Initially, my only problem was the investment needed for buying these garments. I have one suit and three ties, so I need to do some shopping.

It might be nice to wear a suit and tie to work, though. It lends an air of authority and confidence in the workplace. My only concern now is wearing underwear.

Rule #3: No Dancing in the Bathroom

If you're at an establishment that might have a radio or music playing in its restroom resists the urge to dance at the urinal.

I was standing next to this guy at a urinal in Coliseum (oops, Network Associates Coliseum) and music was playing above. The guy starts rocking and twisting to the beat while doing his business. Don't do that. I don't want to be there when the Macarena starts playing or be hit with friendly-fire. HEYYYYY MACARENA!!

A Disaster Waiting to Happen?

The likelihood that disaster might occur during next months Olympics in Athens seems to rise daily as it becomes more and more obvious that the Greeks lack any preparation.

The New York Times reports today that a $325 million security system not only not been delivered and tested, but in some cases, yet to be created.

"The Greeks contracted for a Cadillac but are getting a Chevrolet, said an American security expert involved in the project. But even this Chevrolet has not been fully tested, and because of the limited time, cannot be before the Games."

Huge swaths of Athens are still draped with construction netting and covered in dust. Venues yet to be landscaped and stadia still under construction. These first post-9/11 games simply could not be organized at the last minute.

I don't know if something catastrophic will happen in Greece. I doubt al-Qaeda attempts anything, but some sort of domestic terrorist organization, such as November 17, making themselves known seems possible.

Right now, I really can't blame high-profile athletes like Serena Williams and nearly the entire men's basketball team for skipping out on the Olympics for fear of their safety.

Let's hope the legacy of these Games is Michael Phelps 7 gold medals or the marathon being staged on its ancient path and not some Australian long-distance runner being held hostage.

Friday, July 16, 2004

Rule #2: Don't be a Terrorist

I really don't like people who greet me with double action guns-a-blazing. You know, fashioning your index fingers into a gun and simulating the recoil of a pistola with an up and down motion.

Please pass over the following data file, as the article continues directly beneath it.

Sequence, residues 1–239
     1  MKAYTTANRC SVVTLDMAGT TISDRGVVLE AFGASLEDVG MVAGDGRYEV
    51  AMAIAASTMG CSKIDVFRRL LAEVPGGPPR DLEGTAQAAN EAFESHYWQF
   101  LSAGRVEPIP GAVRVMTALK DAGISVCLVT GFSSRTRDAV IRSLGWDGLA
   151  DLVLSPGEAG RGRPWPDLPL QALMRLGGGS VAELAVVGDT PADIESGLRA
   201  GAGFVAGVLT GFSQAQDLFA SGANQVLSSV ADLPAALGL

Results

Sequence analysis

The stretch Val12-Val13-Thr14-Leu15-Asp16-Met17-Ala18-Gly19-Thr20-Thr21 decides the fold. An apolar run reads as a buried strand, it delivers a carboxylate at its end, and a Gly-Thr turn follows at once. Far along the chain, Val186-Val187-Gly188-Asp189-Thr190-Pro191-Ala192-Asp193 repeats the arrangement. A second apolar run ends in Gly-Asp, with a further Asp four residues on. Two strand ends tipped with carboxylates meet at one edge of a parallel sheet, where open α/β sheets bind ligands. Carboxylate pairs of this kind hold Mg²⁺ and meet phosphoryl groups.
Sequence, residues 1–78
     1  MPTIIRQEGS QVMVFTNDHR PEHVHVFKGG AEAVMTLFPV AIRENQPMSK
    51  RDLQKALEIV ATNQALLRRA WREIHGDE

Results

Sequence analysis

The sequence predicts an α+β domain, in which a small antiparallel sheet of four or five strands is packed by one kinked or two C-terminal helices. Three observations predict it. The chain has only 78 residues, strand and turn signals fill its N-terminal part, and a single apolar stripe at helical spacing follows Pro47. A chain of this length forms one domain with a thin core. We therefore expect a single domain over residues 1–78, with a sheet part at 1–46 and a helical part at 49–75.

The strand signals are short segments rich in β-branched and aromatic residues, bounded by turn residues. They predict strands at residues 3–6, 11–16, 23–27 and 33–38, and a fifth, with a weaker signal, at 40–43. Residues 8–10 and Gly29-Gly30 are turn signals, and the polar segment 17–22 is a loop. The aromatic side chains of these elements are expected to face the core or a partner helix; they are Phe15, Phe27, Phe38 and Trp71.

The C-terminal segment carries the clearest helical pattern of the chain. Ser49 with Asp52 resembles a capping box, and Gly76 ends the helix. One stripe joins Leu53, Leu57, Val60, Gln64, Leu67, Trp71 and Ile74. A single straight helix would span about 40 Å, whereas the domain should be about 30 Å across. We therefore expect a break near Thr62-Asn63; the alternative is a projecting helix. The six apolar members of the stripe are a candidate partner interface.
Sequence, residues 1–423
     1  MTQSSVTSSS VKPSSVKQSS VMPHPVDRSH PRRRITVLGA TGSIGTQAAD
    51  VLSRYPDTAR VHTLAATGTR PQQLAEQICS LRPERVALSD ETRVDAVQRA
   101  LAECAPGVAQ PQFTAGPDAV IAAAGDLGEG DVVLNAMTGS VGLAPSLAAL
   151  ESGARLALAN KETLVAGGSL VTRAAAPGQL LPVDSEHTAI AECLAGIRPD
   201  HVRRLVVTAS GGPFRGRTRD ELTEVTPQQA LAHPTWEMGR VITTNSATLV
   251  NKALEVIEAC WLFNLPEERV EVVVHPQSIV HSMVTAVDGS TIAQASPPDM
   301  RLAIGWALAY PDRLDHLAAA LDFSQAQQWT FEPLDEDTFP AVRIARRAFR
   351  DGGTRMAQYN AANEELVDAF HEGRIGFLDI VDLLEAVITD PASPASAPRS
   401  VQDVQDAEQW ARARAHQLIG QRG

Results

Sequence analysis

Don't be a Terrorist.
Keep your guns in their holster and nod your head if you want to say hello.

Sean and Luke heading to Cooperstown?

My nephews Sean and Luke just finished their rookie year of baseball--actually Tee Ball.
Tee Ball is like the Arena football concept except with midgets.
Both their seasons were deemed wildly successful. If Sabermetrics guru Bill James extrapolated their first-year numbers over their career, their numbers would like something like this:
Sean Dawson #5       
AB          R         H          BI   SO   2B   3B  HR  SB    BB   AVG
4,452   4,569     4,452  10      1    0     0      0    1      0    1.000
Luke Dawson #1
AB          R         H          BI  SO   2b   3B   HR   SB  BB    AVG
4,400  4,445     4,440    3     3      1    0     0       0    0  1.000
Amazing stats! Hall of fame numbers.
Exclusive! Sean told me that next year he's holding out unless he gets two 2 pieces of beef jerky and nachos with extra cheese from the snack bar.
The one anomaly is the one double Luke hit his first season. That was due to a 4-year old third baseman who threw the ball to a labrador, who then ran off with the ball. Sadly, Luke only made it to second.
I don't understand Tee Ball. The field is too big for these little kids. Nearly all of them can't make the throw to first base or any base for that matter. On Sean and Luke's team, though, the more athletic kids realized it was easier to just run the ball to first....all the way from third base! It worked wonderfully, unfortunately, I think most of these kids think that's how the game is played.
These kids are very fan-friendly. They even sign autographs for the fans, although, way too many of them seem to have dyslexia. Lots of backward "s" and the absence of the letters "w", "y" and "g".

The Rules #1

Do not engage in stall-to-stall bathroom conversations. This is "me" pee time, not "us" pee time. Chatting before entering the sanctity of the bathroom stall is still fair game. Once either person crosses the threshold, it is fair to abruptly cease conversating and pick up where you left off at the sink.
Also, c'mon, who brings a can of soda with them to the restroom? If it was a common practice, don't you think somebody would have thought of installing cup holders?

Father Kerry?...Almost

There was an nice piece in today's Washington Post about Sen. John Kerry and the role of his Catholic faith in this campaign.
Apparently, Kerry believes black folks want to hear sermons instead of a typical stump speech. Signals from his staff seem to indicate that he will continue to stick to a more secular tone rather than quoting the New Testament.
Sounds good to me.
The single most annoying development in American politics has been the trend to publicly bare one's religious beliefs for votes. 
Although, my political science half is saying combat Bush's born-again Christian mularkey with some of our own religious hooey. Why not? Try to cancel out the issue as best as you can. I do not believe Americans will go to polls solely on the idea that George W. Bush appears to be more pious than Kerry.

This tactic might now have some legs. The WP story reports that Sen. Kerry contemplated joining the priesthood during his youth and carries a rosary and a medal adorned with the image of St. Christopher.
C'mon, wouldn't that be nearly as believable as Bush trying to hoodwink Christians into believing his born-again routine. You evil-doer.
My personal belief is summed by Sen. Kerry's remark:
I am not a spokesperson for the church, and the church is not a spokesperson for the United States of America.

Keep it that way. 

The more the church tries to intrude on my government or the more my government allows the church to cross over into government, the further away you'll see me from the church house. Amen.